Romney wins Maryland primary for GOP nomination

Maryland Republicans pushed Mitt Romney closer to the GOP presidential nomination Tuesday, giving the former Massachusetts governor a double-digit margin of victory on a day when he also won in Wisconsin and the District of Columbia.

With the sweep, Romney now has more than half of the 1,144 delegates he needs to secure the nomination, and remains on pace to pick up the rest before the primaries end in June.

"Thank you, Wisconsin!" he told supporters in that state. "And Maryland! And Washington, D.C.!"

He said that President Barack Obama has spent the last few years "surrounded by an adoring staff of true believers" and is out of touch with America, according to excerpts of a speech provided by his campaign.

Framing his argument for November, Romney said that more Americans have lost their jobs under Obama than under any other president since the Depression, a record number of Americans are living in poverty and the national debt is at a record high.

Obama supporters say the president inherited rising unemployment, poverty and debt from President George W. Bush and the recession that began during his administration. Obama, they say, has worked against Republican opposition to turn them around.

In Maryland, Romney was trailed by former Sen. Rick Santorum, former House Speaker Newt Gingrich and Rep. Ron Paul.

Former Gov. Robert L. Ehrlich Jr. told CNN that the general election will be won by the person who can create the most private-sector jobs in this economy — and that person is Romney.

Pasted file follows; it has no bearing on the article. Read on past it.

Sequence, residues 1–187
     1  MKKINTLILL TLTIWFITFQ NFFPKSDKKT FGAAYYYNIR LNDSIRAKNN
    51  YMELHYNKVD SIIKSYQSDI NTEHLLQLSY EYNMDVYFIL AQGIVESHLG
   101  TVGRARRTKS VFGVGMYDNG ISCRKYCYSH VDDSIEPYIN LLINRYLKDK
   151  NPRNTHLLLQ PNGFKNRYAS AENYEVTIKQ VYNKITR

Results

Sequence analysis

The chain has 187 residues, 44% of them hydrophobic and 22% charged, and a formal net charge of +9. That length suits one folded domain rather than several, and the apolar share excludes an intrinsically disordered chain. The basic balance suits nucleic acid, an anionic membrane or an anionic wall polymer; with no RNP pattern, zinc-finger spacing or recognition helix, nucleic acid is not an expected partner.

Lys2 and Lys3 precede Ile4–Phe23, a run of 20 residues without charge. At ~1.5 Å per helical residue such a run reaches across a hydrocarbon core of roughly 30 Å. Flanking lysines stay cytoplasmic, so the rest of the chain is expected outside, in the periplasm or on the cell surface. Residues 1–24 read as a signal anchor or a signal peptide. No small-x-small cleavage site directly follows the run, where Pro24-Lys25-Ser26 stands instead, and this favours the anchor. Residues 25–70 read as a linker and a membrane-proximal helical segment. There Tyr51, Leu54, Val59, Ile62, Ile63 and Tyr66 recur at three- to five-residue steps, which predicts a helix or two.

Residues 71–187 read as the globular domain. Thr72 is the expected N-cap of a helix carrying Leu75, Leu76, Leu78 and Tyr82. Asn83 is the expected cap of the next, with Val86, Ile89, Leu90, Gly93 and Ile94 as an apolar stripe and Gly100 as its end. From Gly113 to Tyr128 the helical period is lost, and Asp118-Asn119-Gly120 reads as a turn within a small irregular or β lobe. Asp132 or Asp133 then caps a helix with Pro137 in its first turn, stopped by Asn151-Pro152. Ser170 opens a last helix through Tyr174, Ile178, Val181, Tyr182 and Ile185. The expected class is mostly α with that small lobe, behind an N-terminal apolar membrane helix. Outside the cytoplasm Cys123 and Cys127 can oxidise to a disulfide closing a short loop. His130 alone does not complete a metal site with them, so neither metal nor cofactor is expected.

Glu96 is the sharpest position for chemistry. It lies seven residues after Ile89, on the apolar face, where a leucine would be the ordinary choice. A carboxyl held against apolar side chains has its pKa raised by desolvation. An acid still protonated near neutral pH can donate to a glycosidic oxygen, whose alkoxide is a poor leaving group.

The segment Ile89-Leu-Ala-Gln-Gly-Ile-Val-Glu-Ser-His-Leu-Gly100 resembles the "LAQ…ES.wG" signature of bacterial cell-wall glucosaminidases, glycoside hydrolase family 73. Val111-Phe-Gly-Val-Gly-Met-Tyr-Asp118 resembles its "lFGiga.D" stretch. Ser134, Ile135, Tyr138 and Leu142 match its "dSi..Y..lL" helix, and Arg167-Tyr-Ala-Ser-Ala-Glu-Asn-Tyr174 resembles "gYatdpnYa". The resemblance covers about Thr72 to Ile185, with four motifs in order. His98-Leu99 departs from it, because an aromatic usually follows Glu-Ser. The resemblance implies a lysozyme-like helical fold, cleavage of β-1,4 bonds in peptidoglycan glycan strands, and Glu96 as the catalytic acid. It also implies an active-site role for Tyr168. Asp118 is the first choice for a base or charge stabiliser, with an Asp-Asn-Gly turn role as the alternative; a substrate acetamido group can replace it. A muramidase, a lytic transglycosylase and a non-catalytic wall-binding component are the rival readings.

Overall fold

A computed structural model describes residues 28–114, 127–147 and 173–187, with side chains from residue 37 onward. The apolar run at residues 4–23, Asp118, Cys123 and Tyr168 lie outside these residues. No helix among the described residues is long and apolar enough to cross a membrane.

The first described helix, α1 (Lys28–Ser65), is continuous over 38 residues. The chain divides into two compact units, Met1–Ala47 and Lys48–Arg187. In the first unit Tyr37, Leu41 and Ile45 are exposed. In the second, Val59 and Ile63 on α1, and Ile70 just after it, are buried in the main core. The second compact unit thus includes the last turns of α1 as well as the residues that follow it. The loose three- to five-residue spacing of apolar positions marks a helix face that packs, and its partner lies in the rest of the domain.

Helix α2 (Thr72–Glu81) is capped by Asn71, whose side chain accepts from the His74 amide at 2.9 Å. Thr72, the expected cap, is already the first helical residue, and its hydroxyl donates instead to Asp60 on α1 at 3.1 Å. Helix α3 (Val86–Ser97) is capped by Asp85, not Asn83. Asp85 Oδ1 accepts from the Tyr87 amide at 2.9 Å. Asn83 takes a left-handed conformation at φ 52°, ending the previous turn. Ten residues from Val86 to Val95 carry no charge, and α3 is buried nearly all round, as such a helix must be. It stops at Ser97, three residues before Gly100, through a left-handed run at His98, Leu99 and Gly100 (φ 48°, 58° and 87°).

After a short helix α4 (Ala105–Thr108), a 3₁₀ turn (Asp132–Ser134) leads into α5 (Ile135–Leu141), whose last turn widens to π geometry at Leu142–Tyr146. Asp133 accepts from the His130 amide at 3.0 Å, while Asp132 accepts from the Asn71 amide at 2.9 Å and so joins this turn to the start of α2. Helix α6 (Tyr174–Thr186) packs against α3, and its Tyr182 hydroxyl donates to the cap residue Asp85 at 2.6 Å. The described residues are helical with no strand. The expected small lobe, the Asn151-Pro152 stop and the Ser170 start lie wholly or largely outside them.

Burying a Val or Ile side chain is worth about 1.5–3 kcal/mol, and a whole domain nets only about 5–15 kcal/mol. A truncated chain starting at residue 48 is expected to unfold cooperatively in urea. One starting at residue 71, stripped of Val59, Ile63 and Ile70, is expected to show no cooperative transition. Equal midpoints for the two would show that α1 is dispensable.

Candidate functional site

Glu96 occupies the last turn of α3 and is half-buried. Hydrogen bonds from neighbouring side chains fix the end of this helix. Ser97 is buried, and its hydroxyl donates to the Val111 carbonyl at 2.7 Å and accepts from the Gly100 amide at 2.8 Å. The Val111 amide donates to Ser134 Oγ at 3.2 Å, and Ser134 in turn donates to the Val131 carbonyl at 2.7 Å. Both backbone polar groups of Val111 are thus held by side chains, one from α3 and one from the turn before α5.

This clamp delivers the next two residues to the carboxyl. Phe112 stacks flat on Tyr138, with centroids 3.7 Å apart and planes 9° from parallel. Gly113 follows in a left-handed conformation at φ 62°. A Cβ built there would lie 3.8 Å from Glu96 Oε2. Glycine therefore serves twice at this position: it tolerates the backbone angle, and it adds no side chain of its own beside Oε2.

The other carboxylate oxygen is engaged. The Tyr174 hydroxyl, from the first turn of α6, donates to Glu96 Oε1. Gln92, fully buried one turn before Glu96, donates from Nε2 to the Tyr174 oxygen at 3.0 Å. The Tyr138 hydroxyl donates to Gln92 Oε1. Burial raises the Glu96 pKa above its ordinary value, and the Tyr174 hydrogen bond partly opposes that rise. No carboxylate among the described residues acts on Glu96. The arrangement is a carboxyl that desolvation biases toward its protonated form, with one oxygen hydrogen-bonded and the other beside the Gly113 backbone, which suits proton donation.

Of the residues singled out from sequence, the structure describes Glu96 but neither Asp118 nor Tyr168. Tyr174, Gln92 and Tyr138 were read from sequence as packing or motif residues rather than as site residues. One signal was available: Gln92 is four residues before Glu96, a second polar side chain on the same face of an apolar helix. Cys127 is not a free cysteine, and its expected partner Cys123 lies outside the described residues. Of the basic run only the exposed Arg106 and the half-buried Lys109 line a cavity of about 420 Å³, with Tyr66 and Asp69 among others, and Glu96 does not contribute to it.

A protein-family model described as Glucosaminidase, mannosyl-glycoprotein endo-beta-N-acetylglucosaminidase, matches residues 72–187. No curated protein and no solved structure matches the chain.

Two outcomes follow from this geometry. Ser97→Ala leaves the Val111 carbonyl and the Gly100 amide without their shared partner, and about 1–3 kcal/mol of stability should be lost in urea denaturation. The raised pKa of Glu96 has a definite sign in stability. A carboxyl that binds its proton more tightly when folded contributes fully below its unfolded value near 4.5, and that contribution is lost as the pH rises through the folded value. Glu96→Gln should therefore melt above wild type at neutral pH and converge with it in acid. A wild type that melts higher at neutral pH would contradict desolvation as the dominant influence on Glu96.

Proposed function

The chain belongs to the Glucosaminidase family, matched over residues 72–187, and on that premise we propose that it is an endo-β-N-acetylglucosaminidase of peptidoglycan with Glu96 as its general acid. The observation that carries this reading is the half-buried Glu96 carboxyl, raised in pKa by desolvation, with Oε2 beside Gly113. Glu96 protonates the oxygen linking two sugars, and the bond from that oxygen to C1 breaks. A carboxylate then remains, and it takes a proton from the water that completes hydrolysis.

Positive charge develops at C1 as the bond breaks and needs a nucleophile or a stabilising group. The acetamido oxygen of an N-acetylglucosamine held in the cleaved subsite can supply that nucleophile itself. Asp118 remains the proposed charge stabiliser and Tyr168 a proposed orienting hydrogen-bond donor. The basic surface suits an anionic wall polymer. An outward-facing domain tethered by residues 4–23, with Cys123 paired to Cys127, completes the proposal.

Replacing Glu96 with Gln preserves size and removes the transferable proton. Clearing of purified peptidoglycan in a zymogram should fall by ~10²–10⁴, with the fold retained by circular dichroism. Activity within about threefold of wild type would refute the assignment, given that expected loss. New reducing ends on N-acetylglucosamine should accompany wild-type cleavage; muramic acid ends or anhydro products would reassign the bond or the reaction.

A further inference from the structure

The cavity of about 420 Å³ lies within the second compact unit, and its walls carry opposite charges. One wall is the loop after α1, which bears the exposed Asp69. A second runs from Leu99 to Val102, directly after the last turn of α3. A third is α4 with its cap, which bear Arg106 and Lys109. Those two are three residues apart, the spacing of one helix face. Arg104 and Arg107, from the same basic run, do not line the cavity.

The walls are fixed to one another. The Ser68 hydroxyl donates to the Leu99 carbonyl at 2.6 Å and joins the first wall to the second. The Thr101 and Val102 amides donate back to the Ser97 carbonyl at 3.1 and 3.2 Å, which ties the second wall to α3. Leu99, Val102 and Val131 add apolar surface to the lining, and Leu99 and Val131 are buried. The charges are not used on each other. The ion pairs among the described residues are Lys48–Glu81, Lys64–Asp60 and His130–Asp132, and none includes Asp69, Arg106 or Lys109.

"He has the skill set not only to compete but to win," said Ehrlich, who co-chairs Romney's campaign here.

Janet Pate, who brought her four young children to the polls at Glenelg High School in Howard County, said she cast her ballot for Romney because "I think he has the best chance of beating Obama."

It was a refrain repeated by Republicans throughout the state.

"I think he's the worst president we've ever had," Ethel Ankeny, a retired nurse, said after voting for Romney at the Gen. Harry C. Ruhl Armory in Towson.

Cindy King, a Glen Burnie Democrat, voted for Obama.

During a second term, King said, the president can continue to grow the economy, create jobs and end the war in Afghanistan — "if everybody else will let him do his job. The nastiness needs to stop."

The president faces no serious competition for the Democratic nomination.

Romney, after months of fending off his Republican rivals, has pivoted in recent weeks toward the November election. He told Fox News on Tuesday that it was important for Republicans "to get a nominee as soon as we can and be able to focus on Barack Obama."

Campaigning in Wisconsin later in the day, he said the president "gets full credit or blame for what's happened in this economy, and what's happened to gasoline prices under his watch and what's happened to our schools and what's happened to our military forces."

Santorum, who has less than half as many delegates as Romney, is now aiming to prevent the front-runner from winning the nomination outright before the Republican National Convention in August.